“(…) This Conference takes place in the midst of a global financial and economic crisis. This places enormous strains on all countries and the United Nations system. The President of South Africa stated at the opening of the United Nations General Assembly recently in New York that the financial crisis should not be an excuse to delay further action on the delivery of the Millennium Development Goals. Rather, it should urge us to double our efforts to achieve greater progress.”
“(…) UNESCO’s commitment to lead the global education agenda and coordinate international efforts in education is crucial. The mobilization of political and financial commitments through engagement with EFA partners as well as structures such as the G8 must be strengthened. The estimated $8.3 billion required annually by Africa to achieve the MDG and EFA goals by 2015, and the heavy shortfall faced by the Catalytic Fund of the EFA Fast Track Initiative (EFA-FTI), places Africa at serious risk.”
“(…) As outgoing chair of COMEDAF, we must ensure that UNESCO continues to support the African Union in implementing the Second Decade’s Plan of Action.”
“(…) As emphasized at the World Conference on Higher Education, Higher Education is a public good and it is the responsibility of all stakeholders, especially governments. We must continue to work towards increasing both access and quality of higher education, particular in Africa where enrolments remain extremely low. Higher Education contributes to sustainable development, peace, and the realization of human rights including gender equity.”
“(…) We look forward to the establishment of two Category 2 centres in Africa: Regional Centre for the Living Arts in Africa at Bobo-Dioulasso, Burkina Faso and the African World Heritage Fund in my country, South Africa.”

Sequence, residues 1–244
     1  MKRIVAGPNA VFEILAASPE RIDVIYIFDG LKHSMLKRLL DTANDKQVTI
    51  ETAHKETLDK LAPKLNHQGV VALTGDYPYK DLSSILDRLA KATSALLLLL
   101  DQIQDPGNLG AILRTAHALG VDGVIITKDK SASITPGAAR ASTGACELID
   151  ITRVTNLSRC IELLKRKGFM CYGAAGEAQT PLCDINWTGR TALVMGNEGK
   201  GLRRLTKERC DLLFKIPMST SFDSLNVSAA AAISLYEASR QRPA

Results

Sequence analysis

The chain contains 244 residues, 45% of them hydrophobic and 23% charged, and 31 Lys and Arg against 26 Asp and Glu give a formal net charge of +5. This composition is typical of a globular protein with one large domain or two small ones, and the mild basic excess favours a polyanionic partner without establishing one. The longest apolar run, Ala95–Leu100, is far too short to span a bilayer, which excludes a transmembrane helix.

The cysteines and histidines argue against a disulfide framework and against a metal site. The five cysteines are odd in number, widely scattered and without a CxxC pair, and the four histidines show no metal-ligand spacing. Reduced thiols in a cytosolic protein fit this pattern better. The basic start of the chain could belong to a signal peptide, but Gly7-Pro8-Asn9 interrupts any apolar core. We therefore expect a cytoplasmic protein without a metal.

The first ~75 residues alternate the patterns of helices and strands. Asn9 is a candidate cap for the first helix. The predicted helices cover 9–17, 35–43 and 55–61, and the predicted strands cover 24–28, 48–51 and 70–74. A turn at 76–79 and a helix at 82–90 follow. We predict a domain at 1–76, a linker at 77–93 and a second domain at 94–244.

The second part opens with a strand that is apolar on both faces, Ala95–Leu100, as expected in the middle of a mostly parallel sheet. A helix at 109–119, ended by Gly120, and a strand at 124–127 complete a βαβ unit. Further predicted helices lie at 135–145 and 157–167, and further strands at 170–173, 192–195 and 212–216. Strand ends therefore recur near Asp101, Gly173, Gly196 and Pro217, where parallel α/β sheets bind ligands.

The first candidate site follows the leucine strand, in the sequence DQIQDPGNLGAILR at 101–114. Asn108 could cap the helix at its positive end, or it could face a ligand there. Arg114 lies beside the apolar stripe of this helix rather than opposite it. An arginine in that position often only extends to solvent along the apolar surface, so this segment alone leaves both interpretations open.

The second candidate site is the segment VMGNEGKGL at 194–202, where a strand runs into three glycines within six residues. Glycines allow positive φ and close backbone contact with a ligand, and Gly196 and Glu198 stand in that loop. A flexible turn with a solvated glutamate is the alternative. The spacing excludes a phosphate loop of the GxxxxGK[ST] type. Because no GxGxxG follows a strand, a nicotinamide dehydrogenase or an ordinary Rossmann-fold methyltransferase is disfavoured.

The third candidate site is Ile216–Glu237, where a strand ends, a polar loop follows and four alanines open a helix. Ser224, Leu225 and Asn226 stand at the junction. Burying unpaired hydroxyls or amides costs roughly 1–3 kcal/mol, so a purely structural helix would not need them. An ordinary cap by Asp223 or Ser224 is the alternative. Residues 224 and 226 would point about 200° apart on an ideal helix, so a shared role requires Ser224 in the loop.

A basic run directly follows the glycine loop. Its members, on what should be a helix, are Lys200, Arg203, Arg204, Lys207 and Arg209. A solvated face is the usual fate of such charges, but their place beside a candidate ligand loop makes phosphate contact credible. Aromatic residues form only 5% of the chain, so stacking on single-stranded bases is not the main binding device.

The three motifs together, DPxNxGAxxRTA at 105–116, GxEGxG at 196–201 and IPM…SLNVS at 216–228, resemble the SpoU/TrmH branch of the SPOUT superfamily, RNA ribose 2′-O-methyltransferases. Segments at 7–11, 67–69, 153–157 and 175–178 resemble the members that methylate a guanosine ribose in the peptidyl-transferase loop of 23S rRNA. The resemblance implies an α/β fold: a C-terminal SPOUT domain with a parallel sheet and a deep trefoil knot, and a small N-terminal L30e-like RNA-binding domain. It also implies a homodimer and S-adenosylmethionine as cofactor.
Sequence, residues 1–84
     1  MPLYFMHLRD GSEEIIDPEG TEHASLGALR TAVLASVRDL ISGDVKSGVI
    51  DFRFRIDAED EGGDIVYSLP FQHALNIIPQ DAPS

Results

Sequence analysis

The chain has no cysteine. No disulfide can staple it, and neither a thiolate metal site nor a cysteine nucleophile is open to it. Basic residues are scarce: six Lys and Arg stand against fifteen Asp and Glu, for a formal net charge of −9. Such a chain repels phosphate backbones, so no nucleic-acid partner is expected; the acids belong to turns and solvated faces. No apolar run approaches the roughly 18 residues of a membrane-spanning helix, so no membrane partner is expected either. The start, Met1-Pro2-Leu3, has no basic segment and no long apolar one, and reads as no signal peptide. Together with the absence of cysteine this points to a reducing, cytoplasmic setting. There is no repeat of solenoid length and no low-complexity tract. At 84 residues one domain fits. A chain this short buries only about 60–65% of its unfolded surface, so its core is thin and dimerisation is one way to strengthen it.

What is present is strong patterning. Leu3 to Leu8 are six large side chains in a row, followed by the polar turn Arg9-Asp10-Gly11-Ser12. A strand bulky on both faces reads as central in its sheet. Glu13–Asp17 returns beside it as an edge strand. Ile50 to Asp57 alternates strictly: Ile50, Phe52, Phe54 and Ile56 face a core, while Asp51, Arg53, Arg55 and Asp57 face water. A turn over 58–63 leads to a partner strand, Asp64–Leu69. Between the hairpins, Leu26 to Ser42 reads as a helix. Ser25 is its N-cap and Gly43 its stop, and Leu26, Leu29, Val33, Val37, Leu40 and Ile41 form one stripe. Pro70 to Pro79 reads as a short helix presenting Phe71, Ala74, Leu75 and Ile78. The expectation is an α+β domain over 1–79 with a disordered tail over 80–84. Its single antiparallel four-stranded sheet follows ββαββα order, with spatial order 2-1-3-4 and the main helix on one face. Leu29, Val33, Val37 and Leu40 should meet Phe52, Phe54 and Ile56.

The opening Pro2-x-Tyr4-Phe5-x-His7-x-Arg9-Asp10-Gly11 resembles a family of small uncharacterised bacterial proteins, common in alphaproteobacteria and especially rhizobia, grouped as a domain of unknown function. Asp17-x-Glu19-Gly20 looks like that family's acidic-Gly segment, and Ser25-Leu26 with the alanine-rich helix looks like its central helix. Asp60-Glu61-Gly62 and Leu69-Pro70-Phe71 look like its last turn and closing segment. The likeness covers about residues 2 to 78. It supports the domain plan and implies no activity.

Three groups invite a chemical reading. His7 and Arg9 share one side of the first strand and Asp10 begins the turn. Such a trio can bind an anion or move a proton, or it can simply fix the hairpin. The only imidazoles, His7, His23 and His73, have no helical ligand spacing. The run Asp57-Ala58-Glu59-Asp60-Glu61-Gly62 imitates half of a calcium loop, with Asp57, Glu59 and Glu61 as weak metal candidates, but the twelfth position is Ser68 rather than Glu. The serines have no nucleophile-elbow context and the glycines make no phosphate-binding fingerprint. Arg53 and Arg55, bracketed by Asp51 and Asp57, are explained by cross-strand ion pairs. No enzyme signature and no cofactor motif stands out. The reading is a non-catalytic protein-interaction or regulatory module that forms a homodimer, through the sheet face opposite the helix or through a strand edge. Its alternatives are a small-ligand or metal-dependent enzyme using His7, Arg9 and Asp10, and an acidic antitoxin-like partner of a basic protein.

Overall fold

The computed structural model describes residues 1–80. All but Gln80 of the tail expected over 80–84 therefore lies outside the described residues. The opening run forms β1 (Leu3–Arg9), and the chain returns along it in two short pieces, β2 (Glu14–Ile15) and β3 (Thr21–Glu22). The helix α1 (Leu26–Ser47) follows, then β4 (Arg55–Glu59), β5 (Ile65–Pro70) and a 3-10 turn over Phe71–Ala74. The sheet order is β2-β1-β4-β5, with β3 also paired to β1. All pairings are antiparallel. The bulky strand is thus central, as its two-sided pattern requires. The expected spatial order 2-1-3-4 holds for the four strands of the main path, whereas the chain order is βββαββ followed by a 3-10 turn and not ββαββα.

“(…) We look forward to extending our hospitality as we witness history in the making when the African continent hosts its first soccer World Cup. We have been afforded a strategic opportunity to focus global attention on the need to mobilize support for the EFA imperatives through the ONE GOAL campaign that urges donor countries to honour the commitments made towards education in the developing world.”

34 session of the General Conference

H.E. Ms Naledi Pandor, Minister of Education

“As we gather here in Paris, it is fitting that we consider ways of strengthening UNESCO’s ability to respond effectively to the pressing challenges of education opportunity, scientific exclusion and cultural discrimination. These are challenges that confront millions of people on the five continents that make up our world. To those millions, UNESCO is a haven of promise and opportunity. The reality of so many millions dependant on our actions and our deliberations should spur us to act with focus and energy to ameliorate the impoverished conditions experienced by children and adults world-wide.”
“One of the truisms we should draw energy from is the fact that the most marginalized in the world continue to have faith in the United Nations and its key organs. Girls continue to believe UNESCO will facilitate access to and success in education. Marginalized communities believe their indigenous knowledge will enjoy protection under the banner of UNESCO, and that the march of science will not mean that they lose their national control of the intellectual property that is an inherent part of their villages, forests and towns. The aspirations of these citizens of the world should shape our agenda at this and future conferences.”